Published on June 8, 2012 at 11:09 AM
A new study presented today at EULAR 2012, the Annual Congress of the European League Against Rheumatism, reinforces current thinking that smoking negatively affects treatment response in rheumatoid arthritis (RA) patients treated with anti-tumour necrosis factor (anti-TNF) drugs.
This American study, the largest of its kind, followed 2,811 treatment na-ve patients initiated onto anti-TNF therapy.
Professor Ozlem Pala from the University of Miami Miller School of Medicine, USA and lead author of the study said: "There have been several studies which have investigated factors affecting response to anti-TNFs, but this is the first study to investigate response factors in such a large cohort of people. Being able to better predict response rates to treatment means that rheumatologists can discuss the findings with their patients who smoke and strongly encourage them to quit. This may also motivate them to develop successful strategies for smoking cessation in order to maximize effect of this expensive group of medications and potentially increase quality of life for these patients."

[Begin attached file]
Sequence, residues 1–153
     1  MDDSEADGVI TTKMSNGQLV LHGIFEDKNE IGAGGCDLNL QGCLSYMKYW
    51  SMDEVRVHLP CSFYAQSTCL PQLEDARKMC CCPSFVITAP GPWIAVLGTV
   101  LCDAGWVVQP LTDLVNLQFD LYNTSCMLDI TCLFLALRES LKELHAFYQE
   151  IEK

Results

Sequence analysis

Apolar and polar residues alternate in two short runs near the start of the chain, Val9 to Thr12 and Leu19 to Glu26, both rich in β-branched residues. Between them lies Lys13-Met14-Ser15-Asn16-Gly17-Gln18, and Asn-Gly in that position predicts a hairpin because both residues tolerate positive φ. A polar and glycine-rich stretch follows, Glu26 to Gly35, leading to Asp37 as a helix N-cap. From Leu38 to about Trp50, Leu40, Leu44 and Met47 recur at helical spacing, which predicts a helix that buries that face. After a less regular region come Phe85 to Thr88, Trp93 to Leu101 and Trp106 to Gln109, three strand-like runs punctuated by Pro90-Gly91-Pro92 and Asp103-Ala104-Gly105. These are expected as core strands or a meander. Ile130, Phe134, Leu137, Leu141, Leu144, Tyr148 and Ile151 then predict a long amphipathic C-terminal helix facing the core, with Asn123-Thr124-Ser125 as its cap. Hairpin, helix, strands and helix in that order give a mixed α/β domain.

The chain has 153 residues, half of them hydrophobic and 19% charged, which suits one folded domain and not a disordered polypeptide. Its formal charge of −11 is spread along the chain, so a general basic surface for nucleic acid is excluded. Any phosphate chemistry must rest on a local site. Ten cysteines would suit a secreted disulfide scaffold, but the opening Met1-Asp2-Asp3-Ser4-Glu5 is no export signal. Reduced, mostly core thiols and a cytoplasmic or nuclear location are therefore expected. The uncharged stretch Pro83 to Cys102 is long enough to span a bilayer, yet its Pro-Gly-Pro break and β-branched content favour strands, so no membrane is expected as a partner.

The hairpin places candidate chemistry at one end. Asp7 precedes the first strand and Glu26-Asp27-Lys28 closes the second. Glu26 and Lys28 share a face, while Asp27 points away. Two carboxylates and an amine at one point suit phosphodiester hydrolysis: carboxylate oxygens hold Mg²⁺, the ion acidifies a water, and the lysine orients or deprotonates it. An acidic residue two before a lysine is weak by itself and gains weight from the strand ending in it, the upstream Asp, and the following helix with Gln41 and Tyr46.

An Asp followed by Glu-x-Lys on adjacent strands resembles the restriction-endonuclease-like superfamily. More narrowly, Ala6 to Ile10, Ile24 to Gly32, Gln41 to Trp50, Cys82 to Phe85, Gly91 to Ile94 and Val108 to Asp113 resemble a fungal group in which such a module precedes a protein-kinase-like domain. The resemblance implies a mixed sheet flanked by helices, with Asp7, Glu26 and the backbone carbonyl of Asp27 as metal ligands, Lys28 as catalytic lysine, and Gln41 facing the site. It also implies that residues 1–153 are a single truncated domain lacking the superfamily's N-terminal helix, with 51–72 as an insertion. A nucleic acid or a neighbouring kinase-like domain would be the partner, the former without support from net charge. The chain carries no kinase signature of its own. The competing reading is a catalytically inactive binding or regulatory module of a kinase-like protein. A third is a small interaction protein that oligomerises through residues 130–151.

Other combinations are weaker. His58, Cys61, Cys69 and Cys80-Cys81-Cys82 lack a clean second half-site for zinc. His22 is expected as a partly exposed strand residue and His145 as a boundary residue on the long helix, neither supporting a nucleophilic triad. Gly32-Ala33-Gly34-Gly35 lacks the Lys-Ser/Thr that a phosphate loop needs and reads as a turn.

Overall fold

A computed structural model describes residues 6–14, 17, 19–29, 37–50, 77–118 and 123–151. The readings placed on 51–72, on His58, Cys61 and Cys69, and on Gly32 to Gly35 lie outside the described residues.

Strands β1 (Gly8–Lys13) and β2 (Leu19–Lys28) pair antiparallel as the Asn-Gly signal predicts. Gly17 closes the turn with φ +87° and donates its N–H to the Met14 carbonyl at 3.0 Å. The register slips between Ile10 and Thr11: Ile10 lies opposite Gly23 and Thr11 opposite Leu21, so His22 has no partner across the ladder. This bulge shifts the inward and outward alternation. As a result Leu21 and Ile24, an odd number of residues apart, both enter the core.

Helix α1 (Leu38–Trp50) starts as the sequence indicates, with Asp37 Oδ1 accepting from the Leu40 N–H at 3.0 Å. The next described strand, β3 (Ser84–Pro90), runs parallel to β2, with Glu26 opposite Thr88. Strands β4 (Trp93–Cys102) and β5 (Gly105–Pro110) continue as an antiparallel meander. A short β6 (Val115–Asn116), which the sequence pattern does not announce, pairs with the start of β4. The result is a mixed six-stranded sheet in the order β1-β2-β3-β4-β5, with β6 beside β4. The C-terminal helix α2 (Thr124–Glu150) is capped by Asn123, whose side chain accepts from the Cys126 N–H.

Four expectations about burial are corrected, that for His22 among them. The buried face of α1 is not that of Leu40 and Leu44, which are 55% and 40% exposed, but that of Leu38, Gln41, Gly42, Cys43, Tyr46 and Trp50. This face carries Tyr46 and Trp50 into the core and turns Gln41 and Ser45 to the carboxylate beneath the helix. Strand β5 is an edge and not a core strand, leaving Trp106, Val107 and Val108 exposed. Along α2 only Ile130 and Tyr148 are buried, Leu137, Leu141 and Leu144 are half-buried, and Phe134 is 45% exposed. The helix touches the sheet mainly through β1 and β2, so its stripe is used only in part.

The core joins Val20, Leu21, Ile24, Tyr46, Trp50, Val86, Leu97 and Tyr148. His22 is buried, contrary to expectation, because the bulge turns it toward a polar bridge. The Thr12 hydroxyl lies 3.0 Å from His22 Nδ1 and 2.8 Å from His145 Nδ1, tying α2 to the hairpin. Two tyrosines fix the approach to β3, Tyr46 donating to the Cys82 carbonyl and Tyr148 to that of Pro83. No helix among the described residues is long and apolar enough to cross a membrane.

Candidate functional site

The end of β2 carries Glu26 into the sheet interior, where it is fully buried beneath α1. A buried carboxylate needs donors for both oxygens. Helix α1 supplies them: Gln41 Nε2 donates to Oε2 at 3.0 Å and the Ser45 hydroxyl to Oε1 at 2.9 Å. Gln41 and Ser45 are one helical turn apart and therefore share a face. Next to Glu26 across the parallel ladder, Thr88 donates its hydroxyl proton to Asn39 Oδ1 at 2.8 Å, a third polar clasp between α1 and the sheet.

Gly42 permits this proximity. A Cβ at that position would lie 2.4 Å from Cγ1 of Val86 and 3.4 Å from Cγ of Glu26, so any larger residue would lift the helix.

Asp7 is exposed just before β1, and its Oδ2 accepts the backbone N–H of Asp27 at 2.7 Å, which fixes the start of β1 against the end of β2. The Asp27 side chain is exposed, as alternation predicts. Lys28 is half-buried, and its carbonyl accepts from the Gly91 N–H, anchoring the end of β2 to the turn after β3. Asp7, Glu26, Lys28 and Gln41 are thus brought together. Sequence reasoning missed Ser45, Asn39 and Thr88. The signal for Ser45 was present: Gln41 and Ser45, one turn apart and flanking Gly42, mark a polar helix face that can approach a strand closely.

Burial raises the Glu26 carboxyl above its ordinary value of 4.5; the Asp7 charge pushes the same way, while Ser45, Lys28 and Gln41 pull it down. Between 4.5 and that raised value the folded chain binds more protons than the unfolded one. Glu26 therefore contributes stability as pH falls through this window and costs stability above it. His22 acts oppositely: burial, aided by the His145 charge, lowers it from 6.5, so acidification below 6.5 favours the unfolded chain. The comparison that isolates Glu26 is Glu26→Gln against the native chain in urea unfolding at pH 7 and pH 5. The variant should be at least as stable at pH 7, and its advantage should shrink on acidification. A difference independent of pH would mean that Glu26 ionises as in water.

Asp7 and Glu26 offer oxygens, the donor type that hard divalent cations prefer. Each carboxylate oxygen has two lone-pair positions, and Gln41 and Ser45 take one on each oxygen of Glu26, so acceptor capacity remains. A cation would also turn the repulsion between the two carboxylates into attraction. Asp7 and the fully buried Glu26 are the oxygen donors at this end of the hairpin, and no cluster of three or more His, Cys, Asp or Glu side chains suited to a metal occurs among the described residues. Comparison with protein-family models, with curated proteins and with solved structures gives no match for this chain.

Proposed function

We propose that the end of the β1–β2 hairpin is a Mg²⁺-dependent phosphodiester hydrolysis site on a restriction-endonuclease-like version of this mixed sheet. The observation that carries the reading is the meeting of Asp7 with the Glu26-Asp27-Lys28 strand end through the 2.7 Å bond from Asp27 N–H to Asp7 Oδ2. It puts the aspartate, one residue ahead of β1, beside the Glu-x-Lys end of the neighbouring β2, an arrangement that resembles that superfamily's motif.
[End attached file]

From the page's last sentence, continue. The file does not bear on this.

Disease activity measures at baseline were similar for DAS28 (approximately 3.7, standard deviation [SD]: 1.6) for both groups but higher for CDAI (17.1, SD: 13.8 vs 15.5, SD: 12.9) and mHAQ (0.5, SD: 0.5 vs 0.4, SD: 0.4) in smokers and non-smokers, respectively.
Patients were taken from the Consortium of Rheumatology Researchers of North America (CORRONA) registry. Mean duration of follow-up per patient was 3.4 years (SD: 2.6). Patients enrolled in the study were followed for up to 10.2 years. Biologic na-ve patients were followed for six months after initiation of an anti-TNF and outcomes of interest included DAS28, CDAI, mHAQ and EULAR response criteria after six months on therapy.
Source: European League Against Rheumatism